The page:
On Saturday Jan. 25, 2020 at ALA Midwinter annual conference, awardees of the coveted “I love My Librarian Award” gather for the awards ceremony.
For those that were not able to attend, here is the video of Jesús' remarks followed by the text.
Good afternoon. Buenas tardes. First of all: gracias. I want to express my gratitude to those who created this award for basing it on a sentiment so fundamentally necessary to the human experience: love. Every day, millions of user interactions with librarians happen nationwide. This award brings visibility to these connections. Everytime I travel to a city or town, I visit their libraries. They are this country's best public service and that is greatly due to you librarians.
Since an early age in my home country, Spain, I wanted to be a librarian so that I could connect people with the information they need. This task, in all its intricacies, is the basic tenet of a profession that fills my heart with joy. We all have librarians we love, and If you don't, then go find one. There are plenty out there! The librarians that I love are in the trenches, making a daily impact in people's lives. They are generous with personal time and easily accessible. I feel fortunate to have met and worked with librarians like this. I dedicate this award to those librarians that speak up, that are part of their communities and fight tirelessly for them. Also, as a librarian born and raised in another country, I would like to dedicate this award to the foreign librarians that have developed a career in the United States. We enthusiastically contribute to your communities. I hope that libraries will keep hiring us. I am thankful that my University, UAlbany, did.
I have been fortunate to develop a career as a subject librarian in the United States. I believe in the value of subject knowledge and language expertise in libraries. We cannot forget the importance of building unique, strong collections which embrace multiple voices and different perspectives. To achieve this, we must continue developing collections that include materials published in other countries and in other languages. I appreciate that ALA provides support for its members to attend book fairs, such as in Guadalajara and Buenos Aires. I hope that ALA can expand these programs which are essential to maintaining diversity in our collections.
This vision of developing collections constantly informs my information literacy practices. How can we develop well-rounded research about the US/Mexican border without access to Mexican sources? How can we fully understand Indigenous social movements without the primary sources created by them?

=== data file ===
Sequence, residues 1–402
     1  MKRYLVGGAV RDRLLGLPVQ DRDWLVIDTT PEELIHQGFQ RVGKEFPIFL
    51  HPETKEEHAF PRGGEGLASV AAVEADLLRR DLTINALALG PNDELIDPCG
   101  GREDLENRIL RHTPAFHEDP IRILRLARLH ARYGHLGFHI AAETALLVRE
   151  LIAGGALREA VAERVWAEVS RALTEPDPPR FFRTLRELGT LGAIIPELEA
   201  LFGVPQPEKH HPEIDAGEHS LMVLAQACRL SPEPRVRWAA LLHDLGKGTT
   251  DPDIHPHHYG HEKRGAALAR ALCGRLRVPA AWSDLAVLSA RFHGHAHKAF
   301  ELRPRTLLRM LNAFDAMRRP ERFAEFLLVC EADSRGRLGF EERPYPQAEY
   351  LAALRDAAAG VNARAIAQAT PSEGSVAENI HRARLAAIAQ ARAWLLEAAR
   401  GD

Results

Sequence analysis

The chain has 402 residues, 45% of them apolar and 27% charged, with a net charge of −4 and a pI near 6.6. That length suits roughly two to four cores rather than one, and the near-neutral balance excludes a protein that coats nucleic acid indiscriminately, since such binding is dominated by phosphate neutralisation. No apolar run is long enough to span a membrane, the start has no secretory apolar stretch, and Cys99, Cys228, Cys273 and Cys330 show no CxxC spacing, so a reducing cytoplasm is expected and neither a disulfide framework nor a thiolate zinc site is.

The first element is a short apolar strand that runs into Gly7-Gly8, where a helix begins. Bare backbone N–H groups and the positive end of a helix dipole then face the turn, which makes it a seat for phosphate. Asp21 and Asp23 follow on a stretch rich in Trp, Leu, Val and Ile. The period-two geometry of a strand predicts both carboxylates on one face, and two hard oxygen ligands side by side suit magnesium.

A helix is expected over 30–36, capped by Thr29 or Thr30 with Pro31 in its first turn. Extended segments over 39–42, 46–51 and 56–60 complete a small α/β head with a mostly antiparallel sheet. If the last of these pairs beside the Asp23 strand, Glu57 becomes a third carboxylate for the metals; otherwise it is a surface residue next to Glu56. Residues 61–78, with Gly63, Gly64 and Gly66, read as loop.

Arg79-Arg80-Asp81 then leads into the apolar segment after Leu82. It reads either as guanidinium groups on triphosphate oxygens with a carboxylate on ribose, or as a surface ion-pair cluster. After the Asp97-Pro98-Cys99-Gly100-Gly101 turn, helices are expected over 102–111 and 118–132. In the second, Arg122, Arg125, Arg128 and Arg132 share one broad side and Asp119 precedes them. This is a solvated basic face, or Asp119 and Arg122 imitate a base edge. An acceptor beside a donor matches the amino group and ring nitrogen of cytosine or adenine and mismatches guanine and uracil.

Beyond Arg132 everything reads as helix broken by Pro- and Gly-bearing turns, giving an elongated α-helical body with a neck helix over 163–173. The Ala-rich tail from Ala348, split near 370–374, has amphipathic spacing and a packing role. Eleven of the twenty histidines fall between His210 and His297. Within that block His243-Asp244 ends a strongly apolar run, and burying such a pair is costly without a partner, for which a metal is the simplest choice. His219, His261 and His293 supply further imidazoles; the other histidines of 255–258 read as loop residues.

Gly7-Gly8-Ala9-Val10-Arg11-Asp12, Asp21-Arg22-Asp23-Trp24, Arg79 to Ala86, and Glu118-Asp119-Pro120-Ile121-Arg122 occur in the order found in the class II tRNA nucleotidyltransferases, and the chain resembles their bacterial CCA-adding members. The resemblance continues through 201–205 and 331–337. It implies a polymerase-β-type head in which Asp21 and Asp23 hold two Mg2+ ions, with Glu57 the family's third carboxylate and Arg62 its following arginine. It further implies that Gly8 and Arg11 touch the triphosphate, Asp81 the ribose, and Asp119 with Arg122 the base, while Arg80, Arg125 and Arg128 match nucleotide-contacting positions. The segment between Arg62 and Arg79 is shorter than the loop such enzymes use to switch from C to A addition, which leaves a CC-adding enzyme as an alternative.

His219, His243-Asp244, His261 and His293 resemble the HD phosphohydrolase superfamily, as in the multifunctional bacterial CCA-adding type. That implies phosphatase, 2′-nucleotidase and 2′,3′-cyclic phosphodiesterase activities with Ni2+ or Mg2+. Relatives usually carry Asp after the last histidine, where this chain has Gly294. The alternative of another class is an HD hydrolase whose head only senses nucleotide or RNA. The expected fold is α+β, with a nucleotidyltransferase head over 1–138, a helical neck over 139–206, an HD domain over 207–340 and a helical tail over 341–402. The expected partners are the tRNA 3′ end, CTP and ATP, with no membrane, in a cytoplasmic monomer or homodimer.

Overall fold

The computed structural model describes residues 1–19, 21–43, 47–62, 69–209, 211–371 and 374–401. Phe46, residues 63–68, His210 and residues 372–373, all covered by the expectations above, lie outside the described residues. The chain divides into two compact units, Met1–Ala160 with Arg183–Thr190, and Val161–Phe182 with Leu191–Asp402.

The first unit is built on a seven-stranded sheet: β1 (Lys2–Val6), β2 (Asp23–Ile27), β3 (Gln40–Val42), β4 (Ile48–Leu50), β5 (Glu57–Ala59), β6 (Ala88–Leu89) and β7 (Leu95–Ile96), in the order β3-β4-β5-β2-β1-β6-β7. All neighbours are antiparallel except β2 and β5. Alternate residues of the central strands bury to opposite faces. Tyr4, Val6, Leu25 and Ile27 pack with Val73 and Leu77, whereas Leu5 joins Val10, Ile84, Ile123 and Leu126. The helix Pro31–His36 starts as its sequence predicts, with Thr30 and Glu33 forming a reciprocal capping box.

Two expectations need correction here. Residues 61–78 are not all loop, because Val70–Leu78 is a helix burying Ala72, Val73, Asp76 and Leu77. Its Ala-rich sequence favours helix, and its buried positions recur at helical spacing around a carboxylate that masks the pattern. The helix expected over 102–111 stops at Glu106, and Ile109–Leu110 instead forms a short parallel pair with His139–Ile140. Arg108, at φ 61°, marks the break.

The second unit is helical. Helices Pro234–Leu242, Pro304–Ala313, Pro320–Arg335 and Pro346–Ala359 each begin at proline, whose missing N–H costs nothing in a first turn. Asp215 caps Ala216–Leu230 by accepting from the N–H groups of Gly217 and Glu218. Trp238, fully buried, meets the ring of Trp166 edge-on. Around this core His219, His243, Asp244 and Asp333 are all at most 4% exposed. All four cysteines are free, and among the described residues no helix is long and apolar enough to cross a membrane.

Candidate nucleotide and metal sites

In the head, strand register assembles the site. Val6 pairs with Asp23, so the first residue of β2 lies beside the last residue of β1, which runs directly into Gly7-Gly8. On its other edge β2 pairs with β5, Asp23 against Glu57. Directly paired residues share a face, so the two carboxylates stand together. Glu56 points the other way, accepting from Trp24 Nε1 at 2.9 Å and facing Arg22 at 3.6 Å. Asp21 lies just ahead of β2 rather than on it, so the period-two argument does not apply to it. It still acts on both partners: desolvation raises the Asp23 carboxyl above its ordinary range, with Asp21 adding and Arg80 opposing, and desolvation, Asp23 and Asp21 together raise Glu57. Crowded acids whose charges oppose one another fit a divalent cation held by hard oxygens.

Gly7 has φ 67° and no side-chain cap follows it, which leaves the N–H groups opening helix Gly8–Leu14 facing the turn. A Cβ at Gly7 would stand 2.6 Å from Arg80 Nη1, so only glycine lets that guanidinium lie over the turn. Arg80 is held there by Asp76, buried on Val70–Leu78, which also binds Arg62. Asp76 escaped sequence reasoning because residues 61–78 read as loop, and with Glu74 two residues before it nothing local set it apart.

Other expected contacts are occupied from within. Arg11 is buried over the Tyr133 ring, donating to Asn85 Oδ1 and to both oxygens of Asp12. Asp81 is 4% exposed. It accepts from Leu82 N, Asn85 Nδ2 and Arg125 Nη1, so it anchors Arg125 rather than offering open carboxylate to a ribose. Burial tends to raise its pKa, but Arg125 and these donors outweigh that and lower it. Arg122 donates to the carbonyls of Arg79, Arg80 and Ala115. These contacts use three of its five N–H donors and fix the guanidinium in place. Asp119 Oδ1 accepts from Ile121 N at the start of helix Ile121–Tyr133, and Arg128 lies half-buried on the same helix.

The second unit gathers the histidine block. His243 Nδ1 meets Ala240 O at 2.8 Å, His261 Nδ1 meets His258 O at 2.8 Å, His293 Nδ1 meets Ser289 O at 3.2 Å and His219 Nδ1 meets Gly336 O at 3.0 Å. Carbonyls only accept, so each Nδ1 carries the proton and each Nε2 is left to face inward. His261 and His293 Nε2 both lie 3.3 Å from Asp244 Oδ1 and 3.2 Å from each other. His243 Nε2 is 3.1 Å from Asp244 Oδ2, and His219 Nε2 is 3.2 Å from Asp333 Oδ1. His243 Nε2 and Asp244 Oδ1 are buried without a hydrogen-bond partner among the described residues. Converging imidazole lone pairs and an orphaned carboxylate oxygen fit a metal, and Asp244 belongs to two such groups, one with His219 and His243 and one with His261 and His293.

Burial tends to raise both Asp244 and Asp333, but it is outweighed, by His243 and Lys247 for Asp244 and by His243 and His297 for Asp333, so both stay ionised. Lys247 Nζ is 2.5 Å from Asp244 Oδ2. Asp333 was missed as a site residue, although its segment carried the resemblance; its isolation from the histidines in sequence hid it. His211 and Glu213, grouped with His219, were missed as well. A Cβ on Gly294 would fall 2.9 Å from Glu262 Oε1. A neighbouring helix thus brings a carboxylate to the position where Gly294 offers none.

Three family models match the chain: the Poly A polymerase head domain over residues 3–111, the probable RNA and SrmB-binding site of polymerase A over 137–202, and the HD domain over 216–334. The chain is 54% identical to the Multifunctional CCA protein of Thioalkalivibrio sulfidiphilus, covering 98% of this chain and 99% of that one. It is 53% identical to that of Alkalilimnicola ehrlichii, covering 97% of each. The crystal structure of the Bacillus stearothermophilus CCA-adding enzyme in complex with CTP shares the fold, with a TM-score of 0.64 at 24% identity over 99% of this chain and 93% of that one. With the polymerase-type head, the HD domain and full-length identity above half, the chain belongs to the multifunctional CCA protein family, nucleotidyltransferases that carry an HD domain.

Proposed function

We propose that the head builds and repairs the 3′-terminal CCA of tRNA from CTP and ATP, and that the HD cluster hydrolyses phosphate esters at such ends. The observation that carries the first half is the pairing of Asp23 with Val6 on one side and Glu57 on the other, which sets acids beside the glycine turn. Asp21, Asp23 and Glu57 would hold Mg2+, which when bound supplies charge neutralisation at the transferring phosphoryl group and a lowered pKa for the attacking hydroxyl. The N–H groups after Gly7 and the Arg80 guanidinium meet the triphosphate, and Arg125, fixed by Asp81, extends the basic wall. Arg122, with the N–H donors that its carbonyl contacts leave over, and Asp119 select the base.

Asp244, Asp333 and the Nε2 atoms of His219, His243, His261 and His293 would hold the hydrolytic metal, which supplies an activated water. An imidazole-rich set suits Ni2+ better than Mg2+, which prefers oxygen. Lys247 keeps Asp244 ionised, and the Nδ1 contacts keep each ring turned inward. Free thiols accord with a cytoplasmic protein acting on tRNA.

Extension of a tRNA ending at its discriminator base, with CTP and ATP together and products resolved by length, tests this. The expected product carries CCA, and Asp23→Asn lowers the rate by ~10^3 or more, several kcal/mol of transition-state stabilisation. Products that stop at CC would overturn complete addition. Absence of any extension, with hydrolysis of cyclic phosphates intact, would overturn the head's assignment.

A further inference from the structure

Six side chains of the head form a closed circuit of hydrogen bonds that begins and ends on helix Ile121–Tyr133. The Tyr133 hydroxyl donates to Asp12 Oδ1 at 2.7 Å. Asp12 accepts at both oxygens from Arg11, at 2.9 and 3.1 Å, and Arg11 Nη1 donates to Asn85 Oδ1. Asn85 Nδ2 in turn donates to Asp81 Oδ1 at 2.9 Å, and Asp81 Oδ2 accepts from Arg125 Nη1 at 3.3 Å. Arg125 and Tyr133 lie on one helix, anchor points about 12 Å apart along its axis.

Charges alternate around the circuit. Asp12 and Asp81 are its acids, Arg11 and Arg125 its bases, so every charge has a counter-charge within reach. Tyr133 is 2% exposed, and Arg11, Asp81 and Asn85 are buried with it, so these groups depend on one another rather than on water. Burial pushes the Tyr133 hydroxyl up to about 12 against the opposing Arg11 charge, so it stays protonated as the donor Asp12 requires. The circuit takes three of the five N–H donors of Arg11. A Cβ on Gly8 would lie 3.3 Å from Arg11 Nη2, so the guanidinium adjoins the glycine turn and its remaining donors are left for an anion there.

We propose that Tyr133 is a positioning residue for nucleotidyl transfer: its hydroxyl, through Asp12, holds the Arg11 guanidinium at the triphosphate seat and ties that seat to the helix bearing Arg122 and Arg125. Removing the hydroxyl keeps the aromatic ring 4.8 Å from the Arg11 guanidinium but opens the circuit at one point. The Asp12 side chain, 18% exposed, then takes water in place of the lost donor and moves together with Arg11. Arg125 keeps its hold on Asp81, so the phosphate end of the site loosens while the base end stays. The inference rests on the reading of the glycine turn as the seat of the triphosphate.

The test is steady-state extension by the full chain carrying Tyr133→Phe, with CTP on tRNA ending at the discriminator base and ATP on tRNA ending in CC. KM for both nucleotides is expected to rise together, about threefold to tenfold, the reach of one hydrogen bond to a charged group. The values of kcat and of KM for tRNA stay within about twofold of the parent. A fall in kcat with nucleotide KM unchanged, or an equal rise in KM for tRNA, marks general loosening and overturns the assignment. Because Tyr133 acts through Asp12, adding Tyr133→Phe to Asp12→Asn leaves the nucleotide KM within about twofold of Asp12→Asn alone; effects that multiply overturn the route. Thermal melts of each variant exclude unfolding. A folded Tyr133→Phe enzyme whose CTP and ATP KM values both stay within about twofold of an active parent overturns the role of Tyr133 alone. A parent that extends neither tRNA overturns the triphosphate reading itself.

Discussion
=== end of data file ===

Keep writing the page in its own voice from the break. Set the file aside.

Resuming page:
Students need to learn how to find and evaluate resources from other cultures in order to understand the complexity of their research projects. We librarians should support teaching, learning and research in an increasingly interconnected global environment that is not exclusively in English. Let us be receptive to cultural practices from around the world, such as the Global South's creative and fearless approach to open access.
As an academic librarian, I am nothing without my faculty and students. Due to our continued collaboration, we were able to design sustainable information literacy programs integrated into the curriculum that reach out to every student in the three academic departments that I support. The key to successful programs is to accomplish them with our users, not just for them.
But, how can you build significant connections with users? By showing them empathy and providing them an inclusive space, so that they feel part of our libraries. If they love us, it is because we as librarians are committed to building long lasting connections with our communities. There are many concrete ways to demonstrate our dedication to serving our communities. Today, let me mention one. You might have heard of the efforts to change the subject heading “illegal aliens.” Let's change it in our library catalogs. If we can only do this at the local level for right now, so be it. What's important is taking a stand: No human being is illegal.
In closing, Nobel prize winner, Gabriel García Márquez, was once asked, “Why do you write?” and he said, “I write to be loved.” This makes me wonder: “Why am I a librarian?” Why do I do what I do?” My answer could be: “because it gives meaning to my life.” I would also like to add: what keeps me motivated and passionate as a librarian is the love and appreciation of students and faculty. They are the reason why I am here today.
De todo corazón, gracias.
Here are some links to press releases covering the news.